Not to be trapped in these obstacles, I needed to put more effort into finding more around me to help me proceed. But it was not easier. On the contrary, it was a lot more difficult. This led me to another "fact": whatever I was searching for could be only found by someone who persists. I got to see that knowing and doing are quite different, just as saying and doing are different from each other. Nevertheless, I grew more curious about what might come, let it be other precise substances or quasi-unyielding obstacles. Maybe this seek, jump, and find makes the trip joyful and worthwhile.

Where am I right now? With more artifacts and greater contentment with what I have and who I am, I am now more eager to set sail further under the luminous light of this breathtaking lighthouse, full of passion and joy, seeking to see what is to come. Have I developed any sense of knowledge or belief, or a motto for my life? Well, I am at a point right now where I know by heart that there are beautiful objects and ornaments and flowers in the Garden of Eden. They are only visible in the light, and I am much contented that I found a beautiful lighthouse that continuously sheds light on the Garden. I am undecided yet whether I can sail further or stay around in my current contentment.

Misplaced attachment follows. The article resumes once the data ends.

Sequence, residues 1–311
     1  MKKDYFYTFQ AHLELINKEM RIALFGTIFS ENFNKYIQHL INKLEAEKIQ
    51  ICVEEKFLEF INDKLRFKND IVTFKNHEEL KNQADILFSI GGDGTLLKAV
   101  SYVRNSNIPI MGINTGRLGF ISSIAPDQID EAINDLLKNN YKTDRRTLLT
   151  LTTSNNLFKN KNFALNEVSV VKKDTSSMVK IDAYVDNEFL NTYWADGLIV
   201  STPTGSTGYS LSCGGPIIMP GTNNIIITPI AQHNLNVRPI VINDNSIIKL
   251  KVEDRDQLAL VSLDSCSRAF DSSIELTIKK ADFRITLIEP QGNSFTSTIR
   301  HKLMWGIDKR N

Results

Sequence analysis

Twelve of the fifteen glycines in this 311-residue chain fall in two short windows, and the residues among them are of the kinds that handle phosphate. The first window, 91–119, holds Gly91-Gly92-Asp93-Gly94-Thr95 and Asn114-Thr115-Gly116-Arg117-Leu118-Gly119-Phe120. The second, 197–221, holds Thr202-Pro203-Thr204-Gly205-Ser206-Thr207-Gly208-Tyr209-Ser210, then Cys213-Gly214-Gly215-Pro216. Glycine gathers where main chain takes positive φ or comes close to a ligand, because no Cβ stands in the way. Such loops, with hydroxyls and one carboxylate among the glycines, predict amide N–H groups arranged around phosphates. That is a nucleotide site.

When I look back, I see that throughout my joyful journey, I tried to keep an inquisitive mind and learn about my dark side while discovering that there are more things waiting to be found and healed. I also learned that being pretentious and contentious is a big obstacle to gaining consciousness in finding the good in life. I also got to see that while seeking, finding, being helped and helping others - sailing, in other words - the whole journey is full of action and reading. Reading myself, others, and all these artifacts, reading the beautiful writing on this beautiful lighthouse was what I was doing all along. This reading and doing made the journey of life actually very rewarding in itself. I now treasure the artifact I get to develop throughout my journey - sometimes alone, but mostly under the light of the lighthouse I came across. I have a strong knowledge of and belief in this artifact. It gives me passion and conscience throughout my journey of life, through which I sometimes walk alone, but mostly with others. It sheds light when I see darkness in myself and in others. It helps me find more precious artifacts and develop even more of them along the way. It helps me find joy even among obstacles. It gives me passion and hope for getting ready to sail away into unseen waters that will take me among the endless artifacts under the light without any darkness. Then, I will say I am more than content and thankful for this great fulfilling journey.